The Fellowship of the Tortilla

Peña Unites Central-American Folk

by Stephen McGuire

Even for Austin's super- charged music scene it's an unlikely time for a show: Sunday afternoon. But when I open Chicago House's oblique door and step inside, it could be a Saturday night. The two bleachers are filled, kids sit on the floor, others stand where they can. Applause repeatedly erupts for a mixed bill of Yiddish tunes, poetry, and Latin American folk music in its many forms. In spite of the closing of Chicago House, this type of capacity crowd has sparked requests from other promoters to provide new venues for the event - an event that's working not merely because it's a collection of remarkably fine musicians, but because it's a developing scene and a community. It is the "Last Sunday of the Month Peña."

"The reason we started it," relates singer and guitarist Lourdes Perez, "was to create and expand a context in which to come together. Correo Aereo [airmail], myself and Cenzontle [mockingbird] started The Last Sunday of the Month Peña so musicians could come together and establish a community. The most valuable thing is collaboration. People are starting to know they are welcome where their music stands on its own in a culture that is totally different from their own." Madeleine Sosin, who with Abel Rocha form the popular folk duo Correo Aereo, sees the Latin American concept of a Peña as truly foreign to the mainstream of this country. "There is less distinction and more interaction between the artist and the audience. We also have poets, dancers, and some drama. There has been music in the Mexican mercados forever; it is not a new movement."

For Chicago House co-owner Peg Miller, who has observed many a proceeding, the Peña (not to be confused with "La Peña," a local organization which promotes multi-disciplinary arts, including the "Last Sunday Peña") goes well beyond a music and art exchange. "People come together and embrace each other's politics and culture," says Miller. "It's a lot more than getting together to break bread once a month. It's the fellowship of the tortilla." In short, what was once a cut-off collection of foreign souls with even more obscure music is now a collective community, preserving and creating in a remarkably warm and efficient atmosphere. For Perez, that specific function of the Peña is serious: "If the context is not respectful of what you do, don't go there. A lot of us work in the community and have very strong political convictions. I won't go where the place is not conducive to your growth or audience growth."

Yet outside the Peña, problems extend beyond just another new face trying to get gigs: both musician and music are foreign and on the cutting edge of nowhere. Angel Ibanez, a Mexican who plays harp and guitar, knows about other venues and the occupational hazards of immigrant status. "I used to play in a group called Cuerdas Latina [latin strings], until the other [principle] member went back to Peru." Now, Ibanez is retooling the group with new members before he can return to the mixed bag of Ruta Maya Coffee House, El Torito Restaurant, Huntington Art Gallery, and the Dougherty Arts Center.

Similarly, Antonio Dionisio is waiting for the rest of his band, MMR, to arrive from Brazil. Then he will fly one-way to South Florida for a rendezvous, rent a van, and hit the road. "The tour starts in Miami, then Tampa, Athens, Atlanta, New Orleans, then hopefully La Zona Rosa." In the meantime, like other Latin musicians, he plays solo guitar at Flipnotics, Mojo's, Casa de Luz, and Resistencia Book Store - roughly, the same coffeehouse/storefront/free-fire zone that forms the circuit for many unsanctified jazz ensembles.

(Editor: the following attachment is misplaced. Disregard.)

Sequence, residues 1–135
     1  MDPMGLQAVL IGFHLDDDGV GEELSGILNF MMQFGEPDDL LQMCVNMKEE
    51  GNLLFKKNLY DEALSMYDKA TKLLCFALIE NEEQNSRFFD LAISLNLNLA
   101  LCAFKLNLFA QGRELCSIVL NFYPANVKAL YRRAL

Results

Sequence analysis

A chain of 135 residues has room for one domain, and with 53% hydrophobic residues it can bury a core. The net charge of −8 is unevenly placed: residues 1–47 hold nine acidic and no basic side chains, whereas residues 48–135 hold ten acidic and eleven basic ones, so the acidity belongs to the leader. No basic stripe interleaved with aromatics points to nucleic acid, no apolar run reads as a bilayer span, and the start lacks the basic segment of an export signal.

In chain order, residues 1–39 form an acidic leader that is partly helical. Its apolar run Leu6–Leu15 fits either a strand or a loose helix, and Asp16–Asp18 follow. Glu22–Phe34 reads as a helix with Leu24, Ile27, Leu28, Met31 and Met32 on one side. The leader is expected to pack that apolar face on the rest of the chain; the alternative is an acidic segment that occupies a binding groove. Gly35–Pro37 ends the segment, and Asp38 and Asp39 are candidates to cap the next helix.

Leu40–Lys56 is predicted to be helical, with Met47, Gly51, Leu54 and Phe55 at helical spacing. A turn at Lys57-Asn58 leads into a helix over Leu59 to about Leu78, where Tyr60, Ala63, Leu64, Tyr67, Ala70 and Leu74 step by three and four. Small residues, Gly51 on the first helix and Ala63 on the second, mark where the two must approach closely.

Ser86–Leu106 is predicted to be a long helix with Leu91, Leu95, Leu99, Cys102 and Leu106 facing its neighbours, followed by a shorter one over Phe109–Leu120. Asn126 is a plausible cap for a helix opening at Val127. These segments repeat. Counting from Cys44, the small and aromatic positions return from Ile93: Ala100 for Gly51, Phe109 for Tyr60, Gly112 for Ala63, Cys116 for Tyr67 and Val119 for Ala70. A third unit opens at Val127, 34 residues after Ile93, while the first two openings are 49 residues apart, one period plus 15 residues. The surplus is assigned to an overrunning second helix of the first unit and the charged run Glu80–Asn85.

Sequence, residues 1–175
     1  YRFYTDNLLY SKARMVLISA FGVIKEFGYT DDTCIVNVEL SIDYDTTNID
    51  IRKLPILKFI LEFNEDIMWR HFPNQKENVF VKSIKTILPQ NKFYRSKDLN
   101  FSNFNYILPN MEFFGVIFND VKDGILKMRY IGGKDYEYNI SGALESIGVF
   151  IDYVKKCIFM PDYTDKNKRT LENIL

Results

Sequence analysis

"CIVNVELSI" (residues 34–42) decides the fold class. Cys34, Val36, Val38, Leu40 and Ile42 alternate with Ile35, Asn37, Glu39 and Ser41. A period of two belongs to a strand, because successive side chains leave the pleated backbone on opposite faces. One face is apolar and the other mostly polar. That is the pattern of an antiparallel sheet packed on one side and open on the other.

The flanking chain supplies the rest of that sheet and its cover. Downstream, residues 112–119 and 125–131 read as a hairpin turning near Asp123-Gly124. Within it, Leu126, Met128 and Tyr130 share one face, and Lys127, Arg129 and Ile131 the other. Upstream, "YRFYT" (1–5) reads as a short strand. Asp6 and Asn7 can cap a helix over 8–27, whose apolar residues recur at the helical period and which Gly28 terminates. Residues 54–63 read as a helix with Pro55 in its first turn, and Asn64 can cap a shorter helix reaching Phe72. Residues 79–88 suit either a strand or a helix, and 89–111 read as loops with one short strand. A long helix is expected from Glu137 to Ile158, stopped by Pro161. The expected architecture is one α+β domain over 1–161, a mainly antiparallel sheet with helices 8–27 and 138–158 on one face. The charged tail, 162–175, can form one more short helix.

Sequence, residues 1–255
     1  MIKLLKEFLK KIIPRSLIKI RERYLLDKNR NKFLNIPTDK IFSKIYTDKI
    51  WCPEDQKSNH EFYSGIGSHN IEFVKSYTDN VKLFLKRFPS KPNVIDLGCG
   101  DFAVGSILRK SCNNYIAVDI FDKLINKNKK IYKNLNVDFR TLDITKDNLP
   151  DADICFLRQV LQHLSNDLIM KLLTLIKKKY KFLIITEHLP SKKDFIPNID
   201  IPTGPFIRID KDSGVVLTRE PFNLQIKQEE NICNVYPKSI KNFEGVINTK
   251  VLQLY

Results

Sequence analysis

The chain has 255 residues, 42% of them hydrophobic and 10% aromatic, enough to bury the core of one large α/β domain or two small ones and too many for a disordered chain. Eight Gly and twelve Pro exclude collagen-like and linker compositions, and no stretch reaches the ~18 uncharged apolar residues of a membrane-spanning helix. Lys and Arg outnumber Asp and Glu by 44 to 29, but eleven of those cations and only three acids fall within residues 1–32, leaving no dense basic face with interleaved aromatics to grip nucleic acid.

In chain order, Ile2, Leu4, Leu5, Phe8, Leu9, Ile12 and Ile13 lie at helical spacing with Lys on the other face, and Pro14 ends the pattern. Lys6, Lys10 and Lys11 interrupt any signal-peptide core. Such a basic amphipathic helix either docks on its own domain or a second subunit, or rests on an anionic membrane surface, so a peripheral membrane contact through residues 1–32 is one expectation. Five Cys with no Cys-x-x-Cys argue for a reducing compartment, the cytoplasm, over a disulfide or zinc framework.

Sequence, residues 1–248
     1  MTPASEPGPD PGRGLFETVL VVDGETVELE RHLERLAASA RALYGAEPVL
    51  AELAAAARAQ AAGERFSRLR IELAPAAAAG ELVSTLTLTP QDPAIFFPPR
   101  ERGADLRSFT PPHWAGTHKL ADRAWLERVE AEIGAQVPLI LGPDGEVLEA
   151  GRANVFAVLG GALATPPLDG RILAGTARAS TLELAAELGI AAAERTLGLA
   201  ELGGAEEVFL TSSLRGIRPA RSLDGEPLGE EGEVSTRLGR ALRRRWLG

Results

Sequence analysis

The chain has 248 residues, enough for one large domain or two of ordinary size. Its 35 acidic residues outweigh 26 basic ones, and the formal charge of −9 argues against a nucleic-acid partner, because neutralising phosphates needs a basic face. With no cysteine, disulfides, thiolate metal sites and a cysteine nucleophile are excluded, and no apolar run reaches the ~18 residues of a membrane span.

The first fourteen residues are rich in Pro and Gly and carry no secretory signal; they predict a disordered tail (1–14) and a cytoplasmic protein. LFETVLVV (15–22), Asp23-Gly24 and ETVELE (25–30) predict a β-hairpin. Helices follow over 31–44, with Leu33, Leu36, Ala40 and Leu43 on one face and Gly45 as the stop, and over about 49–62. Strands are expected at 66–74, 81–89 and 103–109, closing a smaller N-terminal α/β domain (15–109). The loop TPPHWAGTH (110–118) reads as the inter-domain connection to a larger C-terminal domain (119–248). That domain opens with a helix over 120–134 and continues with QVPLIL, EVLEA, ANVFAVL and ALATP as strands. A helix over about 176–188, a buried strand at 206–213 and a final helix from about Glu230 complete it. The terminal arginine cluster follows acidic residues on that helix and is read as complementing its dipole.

Lambada it ain't. The great musical variety seen in just one Peña stands in contrast to what most Americans visualize about Latin music. "Salsa has become very popular," explains Perez, "due to immigration to the U.S. from Puerto Rico where Latin music and jazz were incorporated. But when a form becomes popular, everyone thinks it's the only form from that area." According to Javier Palacios, vocalist for Centzontle, the Peña's format helps clear up that misconception. "People hear all these styles and get up and dance, [but] it's very educational: we give a short explanation about the music and where its from. [Otherwise], they think Mexican, Bolivian, and Argentinian music is all the same."

The tension resulting from a convergence of Latin American folk forms plays out differently among musicians. "I'm trying to keep the same style from Mexico that I have been playing since I was nine," Ibanez states quite simply. And it's much the same for Dionisio. "I don't see change, but an adding to [Latin music]," he explains. "That's how it grows, gets better, and gets bigger - more complex. What I play is Brazilian. People know that kind of music and don't confuse it with others."

No wonder. The predominant language of Brazil is Portuguese, and most Americans shopping a mall know the Getz-Gilberto pop bossa nova tune "Girl From Ipanema," and the super-group Sergio Mendes & Brasil '66. Other countries have a presence as well in the subconscious of American pop charts. When the late superstar Selena's parents were babes, Mexican culture gave us Tejano music, in the form of Betto Villa, and the Los Angeles-based rock of Ritchie Valens (Richard Valenzuela). Puerto Rico has its Salsa and Chile its Andean folk, made famous by that country's most famous group, Inti-Illimani. Clearly, Latin American cultures have a long track record of dealing with "el Norte."